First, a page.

Three Monkeys Online

A Curious, Alternative Magazine

The Art of Programming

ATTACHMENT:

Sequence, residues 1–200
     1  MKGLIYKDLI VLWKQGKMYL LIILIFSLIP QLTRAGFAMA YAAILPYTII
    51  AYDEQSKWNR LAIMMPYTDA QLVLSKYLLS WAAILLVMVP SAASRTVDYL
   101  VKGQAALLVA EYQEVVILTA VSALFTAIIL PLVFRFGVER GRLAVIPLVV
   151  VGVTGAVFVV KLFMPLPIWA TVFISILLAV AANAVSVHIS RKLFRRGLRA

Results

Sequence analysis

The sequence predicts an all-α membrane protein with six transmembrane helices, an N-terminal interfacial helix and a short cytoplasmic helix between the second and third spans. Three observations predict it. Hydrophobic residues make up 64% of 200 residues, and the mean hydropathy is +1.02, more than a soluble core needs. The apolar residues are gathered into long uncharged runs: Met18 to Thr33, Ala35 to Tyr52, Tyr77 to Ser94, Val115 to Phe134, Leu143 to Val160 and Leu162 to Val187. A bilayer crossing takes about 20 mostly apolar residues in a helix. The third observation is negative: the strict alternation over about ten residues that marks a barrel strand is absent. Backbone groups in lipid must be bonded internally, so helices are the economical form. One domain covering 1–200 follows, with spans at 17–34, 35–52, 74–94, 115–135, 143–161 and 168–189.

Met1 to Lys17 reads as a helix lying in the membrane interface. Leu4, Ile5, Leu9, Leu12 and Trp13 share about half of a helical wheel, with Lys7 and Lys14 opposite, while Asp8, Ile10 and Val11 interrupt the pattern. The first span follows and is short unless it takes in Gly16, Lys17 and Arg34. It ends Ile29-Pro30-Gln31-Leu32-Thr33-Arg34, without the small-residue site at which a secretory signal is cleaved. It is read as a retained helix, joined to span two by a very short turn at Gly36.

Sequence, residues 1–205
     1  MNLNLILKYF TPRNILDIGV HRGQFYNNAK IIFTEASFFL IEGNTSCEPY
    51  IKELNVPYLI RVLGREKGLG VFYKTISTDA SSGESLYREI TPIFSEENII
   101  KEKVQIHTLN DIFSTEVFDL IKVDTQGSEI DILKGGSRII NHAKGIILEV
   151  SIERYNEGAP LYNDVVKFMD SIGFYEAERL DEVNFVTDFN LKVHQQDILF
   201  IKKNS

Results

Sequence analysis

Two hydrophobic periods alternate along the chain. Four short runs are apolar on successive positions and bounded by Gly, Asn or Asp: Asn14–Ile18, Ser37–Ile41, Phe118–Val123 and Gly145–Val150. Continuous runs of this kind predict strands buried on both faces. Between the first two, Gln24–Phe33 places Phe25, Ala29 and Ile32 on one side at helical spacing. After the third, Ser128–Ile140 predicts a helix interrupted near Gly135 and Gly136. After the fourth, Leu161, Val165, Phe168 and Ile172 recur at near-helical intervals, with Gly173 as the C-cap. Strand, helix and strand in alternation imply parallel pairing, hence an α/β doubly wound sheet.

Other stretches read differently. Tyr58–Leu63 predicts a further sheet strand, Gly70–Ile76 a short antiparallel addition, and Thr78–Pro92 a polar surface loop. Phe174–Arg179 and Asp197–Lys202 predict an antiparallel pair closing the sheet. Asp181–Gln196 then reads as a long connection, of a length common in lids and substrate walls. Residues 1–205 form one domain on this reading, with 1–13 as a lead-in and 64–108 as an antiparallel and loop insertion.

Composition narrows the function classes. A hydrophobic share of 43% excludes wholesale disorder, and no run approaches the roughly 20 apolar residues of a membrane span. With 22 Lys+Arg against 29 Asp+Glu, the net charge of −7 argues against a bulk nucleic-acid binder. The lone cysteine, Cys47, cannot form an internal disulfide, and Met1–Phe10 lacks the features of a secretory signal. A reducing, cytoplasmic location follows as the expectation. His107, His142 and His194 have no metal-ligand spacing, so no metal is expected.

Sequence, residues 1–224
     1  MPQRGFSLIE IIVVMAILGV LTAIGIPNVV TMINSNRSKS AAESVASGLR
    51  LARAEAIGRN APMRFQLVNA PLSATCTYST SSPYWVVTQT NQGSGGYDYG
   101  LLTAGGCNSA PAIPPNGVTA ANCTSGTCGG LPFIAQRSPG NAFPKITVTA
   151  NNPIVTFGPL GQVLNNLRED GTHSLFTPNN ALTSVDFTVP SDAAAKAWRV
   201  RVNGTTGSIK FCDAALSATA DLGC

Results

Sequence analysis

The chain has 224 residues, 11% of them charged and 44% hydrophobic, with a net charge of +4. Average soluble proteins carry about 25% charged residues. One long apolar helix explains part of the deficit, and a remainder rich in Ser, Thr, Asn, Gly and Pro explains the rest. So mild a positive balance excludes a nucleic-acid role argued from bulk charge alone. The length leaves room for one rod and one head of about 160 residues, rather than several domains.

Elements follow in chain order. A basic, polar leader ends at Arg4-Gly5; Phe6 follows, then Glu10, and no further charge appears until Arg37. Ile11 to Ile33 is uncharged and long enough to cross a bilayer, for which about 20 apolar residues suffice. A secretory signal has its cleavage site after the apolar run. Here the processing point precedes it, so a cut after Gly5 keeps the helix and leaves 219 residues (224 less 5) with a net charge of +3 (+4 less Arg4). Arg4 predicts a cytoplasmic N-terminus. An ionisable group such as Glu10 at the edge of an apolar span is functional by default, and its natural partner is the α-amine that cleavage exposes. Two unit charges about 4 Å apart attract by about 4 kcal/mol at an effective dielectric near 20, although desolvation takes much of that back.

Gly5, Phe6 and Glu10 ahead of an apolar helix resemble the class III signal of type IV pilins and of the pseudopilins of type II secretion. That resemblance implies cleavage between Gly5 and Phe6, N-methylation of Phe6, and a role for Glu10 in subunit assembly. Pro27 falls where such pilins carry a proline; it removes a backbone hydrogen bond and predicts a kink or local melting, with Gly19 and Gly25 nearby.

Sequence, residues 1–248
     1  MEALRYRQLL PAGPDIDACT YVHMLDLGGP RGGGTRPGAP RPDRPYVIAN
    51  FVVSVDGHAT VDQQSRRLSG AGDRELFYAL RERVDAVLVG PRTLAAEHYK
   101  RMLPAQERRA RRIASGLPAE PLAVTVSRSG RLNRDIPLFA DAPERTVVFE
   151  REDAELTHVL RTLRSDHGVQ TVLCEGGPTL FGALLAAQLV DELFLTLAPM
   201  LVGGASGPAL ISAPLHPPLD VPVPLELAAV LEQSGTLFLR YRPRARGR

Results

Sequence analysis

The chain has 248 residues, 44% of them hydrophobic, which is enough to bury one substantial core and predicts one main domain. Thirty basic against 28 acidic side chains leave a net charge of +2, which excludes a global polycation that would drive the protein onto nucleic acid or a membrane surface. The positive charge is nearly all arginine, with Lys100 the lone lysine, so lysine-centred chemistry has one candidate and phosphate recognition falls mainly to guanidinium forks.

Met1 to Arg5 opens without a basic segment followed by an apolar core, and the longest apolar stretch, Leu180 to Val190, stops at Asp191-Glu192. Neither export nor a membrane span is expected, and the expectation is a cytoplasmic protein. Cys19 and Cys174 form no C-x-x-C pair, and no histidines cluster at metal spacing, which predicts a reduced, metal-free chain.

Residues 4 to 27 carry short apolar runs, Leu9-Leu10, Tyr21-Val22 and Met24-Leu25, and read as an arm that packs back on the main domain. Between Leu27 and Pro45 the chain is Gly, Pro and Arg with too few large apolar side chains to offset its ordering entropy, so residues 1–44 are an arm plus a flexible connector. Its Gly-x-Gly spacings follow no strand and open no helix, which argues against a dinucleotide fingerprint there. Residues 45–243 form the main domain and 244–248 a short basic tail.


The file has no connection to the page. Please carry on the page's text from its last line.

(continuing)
My recent (relatively) stellar performance in posting every day came to an end this week as the small matter of work got in the way. As well as trying to maintain a trickle of income coming in from mundane sources (the mortgage’s thirst is never slaked), I’m tricking around trying to get a blog tool built. I won’t go into details (I’m not sure if I could) and I’m no farther than coding the login screens and messing around with database structure. (This doesn’t stop me from cultivating dreams of cunning venture capitalists offering suitcases of cash to invest in my “innovation.”)Don’t hold your breath about seeing anything soon. For the sake of cheapness, I’m using Visual Web Developer 2005 Express Edition Beta (a sort of stripped-down version of Visual Studio.NET) and a trial version of SQL Server 2000 (for Enterprise Manager). Both free for the time being. The only real cost is the hosting. And time, lots and lots of time. Few activities seem to consume your life as effortlessly as trying to communicate with these sphinx-like electrical devices. Despite diligently ploughing through books such as Charles Petzold’s excellent though exhausting Code, I still find the chasm between, say, creating Pivot Tables in Excel and the routing of electrical pulses by semiconductors hard to fathom. (Give me a break, I’m a Humanities graduate!)Viewing the workings of your PC as an innate mystery is probably not the best stance to take if you want to program the thing. However, in a way, it helps ease the associated frustrations–you’re actually surprised when your interventions into this underworld are successful. Nine times out of ten, of course, your computer will blurt out an objection that would put the Sibyl to shame in terms of ambiguity. Ah well, as the great artists used to say, I must get back to my “Studio.”